He raised money to build health clinics, a second school and the present-day church, which replaced an existing structure of sticks and mud.
When the war came, Spessotto was determined not to take sides. The conflict was a Cold War battlefield pitting leftist rebels backed by Cuba and the Soviet Union against government troops backed by the United States.
When the guerrillas took over a nearby church, holding priests hostage, Spessotto negotiated their release, then castigated the rebels. And when the army was accused of committing a massacre in a nearby village, Spessotto met personally with the local commander for an accounting of the act.
“The father was worried about so much slaughter going on both sides,” said Domingo Del Lago, the current local parish priest who as a young man knew Spessotto. “He was threatened every day, though he was simply a pastor committed to doing good.”
On June 14, 1980, he had just finished saying a Mass for a local university student who had been killed in the war. He then knelt at a small altar in front of the church to begin preparing for evening Mass.
A second priest in the church’s apse heard a noise, then three shots. When he rushed outside, Spessotto was lying in a pool of blood. The acrid smell of gunpowder filled the air. There was a bullet pock in one of the church’s columns. It is there today, a reminder of the violence.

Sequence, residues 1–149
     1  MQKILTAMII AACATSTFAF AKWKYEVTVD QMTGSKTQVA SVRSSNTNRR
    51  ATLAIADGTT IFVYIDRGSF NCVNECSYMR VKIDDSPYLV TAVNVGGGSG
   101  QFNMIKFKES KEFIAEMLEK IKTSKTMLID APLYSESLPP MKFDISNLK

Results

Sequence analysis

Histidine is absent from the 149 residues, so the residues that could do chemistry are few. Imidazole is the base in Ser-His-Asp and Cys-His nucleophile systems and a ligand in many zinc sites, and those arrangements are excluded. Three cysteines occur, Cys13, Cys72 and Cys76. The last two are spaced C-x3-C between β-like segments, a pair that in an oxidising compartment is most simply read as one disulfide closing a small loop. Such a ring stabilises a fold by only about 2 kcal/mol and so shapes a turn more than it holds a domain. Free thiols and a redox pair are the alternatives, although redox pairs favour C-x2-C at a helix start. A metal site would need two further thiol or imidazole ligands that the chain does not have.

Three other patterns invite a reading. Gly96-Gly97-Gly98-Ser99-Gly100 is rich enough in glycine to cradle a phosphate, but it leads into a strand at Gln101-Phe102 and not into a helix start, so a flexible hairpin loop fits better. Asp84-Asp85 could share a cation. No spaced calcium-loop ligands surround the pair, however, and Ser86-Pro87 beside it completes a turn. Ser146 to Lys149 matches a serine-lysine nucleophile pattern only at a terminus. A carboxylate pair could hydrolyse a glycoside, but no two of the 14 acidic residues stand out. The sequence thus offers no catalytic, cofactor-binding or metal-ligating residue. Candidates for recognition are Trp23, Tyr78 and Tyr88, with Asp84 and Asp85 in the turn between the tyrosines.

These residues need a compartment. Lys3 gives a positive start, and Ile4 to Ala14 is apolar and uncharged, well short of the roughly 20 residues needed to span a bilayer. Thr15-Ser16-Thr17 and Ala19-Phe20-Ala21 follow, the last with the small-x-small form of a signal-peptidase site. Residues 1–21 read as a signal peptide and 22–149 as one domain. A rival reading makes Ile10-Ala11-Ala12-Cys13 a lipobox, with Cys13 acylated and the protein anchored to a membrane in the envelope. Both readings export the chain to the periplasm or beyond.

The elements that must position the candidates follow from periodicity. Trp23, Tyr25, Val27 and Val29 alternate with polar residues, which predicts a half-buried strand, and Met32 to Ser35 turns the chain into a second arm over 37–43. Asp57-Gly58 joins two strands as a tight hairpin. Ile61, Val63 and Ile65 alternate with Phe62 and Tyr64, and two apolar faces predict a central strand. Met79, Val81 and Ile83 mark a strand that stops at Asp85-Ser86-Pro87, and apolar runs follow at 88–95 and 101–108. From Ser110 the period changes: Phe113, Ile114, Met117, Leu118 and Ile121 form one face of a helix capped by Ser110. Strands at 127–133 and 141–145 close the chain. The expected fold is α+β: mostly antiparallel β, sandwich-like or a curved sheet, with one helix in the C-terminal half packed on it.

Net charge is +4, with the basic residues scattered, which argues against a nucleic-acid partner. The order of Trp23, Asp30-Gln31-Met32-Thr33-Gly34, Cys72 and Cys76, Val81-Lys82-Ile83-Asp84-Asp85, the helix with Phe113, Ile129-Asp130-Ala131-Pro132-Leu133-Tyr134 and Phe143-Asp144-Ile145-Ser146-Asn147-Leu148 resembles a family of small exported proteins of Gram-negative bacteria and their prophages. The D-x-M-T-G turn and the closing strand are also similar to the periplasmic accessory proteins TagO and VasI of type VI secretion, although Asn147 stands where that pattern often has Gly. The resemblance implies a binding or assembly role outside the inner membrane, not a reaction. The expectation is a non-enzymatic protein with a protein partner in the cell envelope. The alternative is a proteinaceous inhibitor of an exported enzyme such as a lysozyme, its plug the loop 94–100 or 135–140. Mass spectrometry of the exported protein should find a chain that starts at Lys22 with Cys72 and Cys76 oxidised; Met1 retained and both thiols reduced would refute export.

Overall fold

“Pardon, pardon,” were Spessotto’s last words, according to Father Filiberto Del Bosco, who administered him last rites.
Spessotto’s killers were never caught, and it is still a mystery whether guerrillas or right-wing assassins were responsible for his death.
“Whether the left killed him or the right killed him, the man is a martyr,” Urrutia said. “He was opposed because of the work he was doing.”
Today, Spessotto’s bloodstained robe and black beret and the cotton balls used to stem the bleeding are kept in a glass case to the side of the altar. He is buried within the church.
Homemade plaques line the walls, dozens of them, a testament to Spessotto’s healing powers. A woman who visited from Los Angeles said her granddaughter was hospitalized. After she prayed to Spessotto, the girl recovered.
A man named Arturo Romeo recounted how he had been in prison when a riot broke out. Two prisoners came looking to kill him, he said, but he hid behind a small cabinet and prayed to Spessotto, who made him invisible to his would-be assassins.
“People come here from as far away as the United States, most from Los Angeles but also from Virginia and New York,” Del Lago said. “It seems fantastic, but it’s true.”
Then there are the living testimonials. Berta Medina, 80, was diagnosed with breast cancer 30 years ago, she said. A local doctor said she had between six months and six years to live.
Spessotto held a special healing Mass for her, to which she credits her existence.
“He put his hands on my head and said a beautiful, beautiful prayer,” Medina said. “He gave me my life.”
The Catholic Church has submitted a list of the testimonies of Spessotto’s miracles, a requirement for sainthood.
Marcelina Beltran visited the tomb one recent Sunday. She began crying when she recounted how Spessotto visited her in a dream and cured her of a lung disease.
“I never miss coming here on Sunday,” she said, weeping. “I have prayed to him every day since his death.”